The growing disparity between Dieyi and Xiaolu was handled extremely well. Although he is an excellent actor, Xiaolu doesn't truly understand the play or its nuances, simply accepting what happens because that is how it was written. He is also clearly willing to forego tradition, as long as it still benefits himself. However Dieyi's admiration for Xiaolu gives him a connection to his character that makes him feel like he's living the play, so he forms an attachment to it that he is reluctant to let go. In addition to the drama that their conflicting views generate, their turbulent history can be seen as a representation of how culture and politics fail to coexist, which is a major theme in the latter parts of the film.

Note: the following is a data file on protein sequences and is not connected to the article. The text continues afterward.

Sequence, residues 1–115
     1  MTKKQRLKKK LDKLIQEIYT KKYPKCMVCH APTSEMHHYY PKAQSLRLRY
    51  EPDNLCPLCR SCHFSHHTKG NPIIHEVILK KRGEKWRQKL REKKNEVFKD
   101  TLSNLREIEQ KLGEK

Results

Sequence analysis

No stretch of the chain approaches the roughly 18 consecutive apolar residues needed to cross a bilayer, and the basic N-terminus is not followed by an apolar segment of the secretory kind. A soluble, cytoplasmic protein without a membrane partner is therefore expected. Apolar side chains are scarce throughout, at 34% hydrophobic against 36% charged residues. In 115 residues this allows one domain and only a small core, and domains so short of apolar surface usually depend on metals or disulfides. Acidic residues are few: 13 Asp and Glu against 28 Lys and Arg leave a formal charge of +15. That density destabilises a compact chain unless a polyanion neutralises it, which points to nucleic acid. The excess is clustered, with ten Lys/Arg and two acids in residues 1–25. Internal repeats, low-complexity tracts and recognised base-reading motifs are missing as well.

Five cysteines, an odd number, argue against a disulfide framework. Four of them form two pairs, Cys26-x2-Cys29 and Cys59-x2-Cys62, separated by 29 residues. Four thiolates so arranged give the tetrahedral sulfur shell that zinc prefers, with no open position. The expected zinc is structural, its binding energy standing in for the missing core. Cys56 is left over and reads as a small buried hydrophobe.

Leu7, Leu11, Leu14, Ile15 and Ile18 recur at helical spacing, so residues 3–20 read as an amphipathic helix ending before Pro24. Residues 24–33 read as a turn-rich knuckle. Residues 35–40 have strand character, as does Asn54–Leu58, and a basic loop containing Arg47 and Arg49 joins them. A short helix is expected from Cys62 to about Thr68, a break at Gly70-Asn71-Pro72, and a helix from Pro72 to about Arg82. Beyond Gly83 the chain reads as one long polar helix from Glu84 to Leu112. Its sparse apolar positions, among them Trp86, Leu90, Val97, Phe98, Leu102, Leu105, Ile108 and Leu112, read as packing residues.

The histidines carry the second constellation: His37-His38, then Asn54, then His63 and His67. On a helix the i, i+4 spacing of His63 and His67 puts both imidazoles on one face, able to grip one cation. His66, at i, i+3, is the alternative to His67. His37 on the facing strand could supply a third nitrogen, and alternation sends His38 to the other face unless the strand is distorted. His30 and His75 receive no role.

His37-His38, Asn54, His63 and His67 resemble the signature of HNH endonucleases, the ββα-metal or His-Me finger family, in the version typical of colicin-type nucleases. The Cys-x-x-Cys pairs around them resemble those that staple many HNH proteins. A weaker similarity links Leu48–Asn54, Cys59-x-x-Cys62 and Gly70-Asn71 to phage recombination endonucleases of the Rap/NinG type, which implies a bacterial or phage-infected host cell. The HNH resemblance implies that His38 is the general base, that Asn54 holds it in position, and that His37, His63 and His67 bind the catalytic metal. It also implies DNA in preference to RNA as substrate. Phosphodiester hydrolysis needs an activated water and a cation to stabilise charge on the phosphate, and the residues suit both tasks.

It's unfortunate that the dubbing of Leslie Cheung's lines were so poorly handled, since his physical performance was completely stunning. His facial expressions in particular were quite captivating, and always managed to hold my attention. The actor who recorded the dialogue did a good job, but the poor lip syncing was often distracting. Trying to avoid looking at Cheung's mouth did at least give me time to appreciate the gorgeous theatre costumes. I do think the main actors remained too youthful looking for how much time had passed throughout the film, though that's a minor complaint.

While I was engaged from beginning to end, I think Farewell My Concubine could have benefited from spending a more even amount of time in each social period, or at least not glossing over certain elements, like the opium addiction. It's strange to think that some things felt rushed in a film that has an almost 3 hour long runtime, but since other parts seemed to go on for longer than necessary, a few changes in focus could've fixed that. This was definitely an interesting watch that I think would benefit from a second viewing, but despite thoroughly enjoying the film, I'm not sure if I'd want to sit through it again any time soon.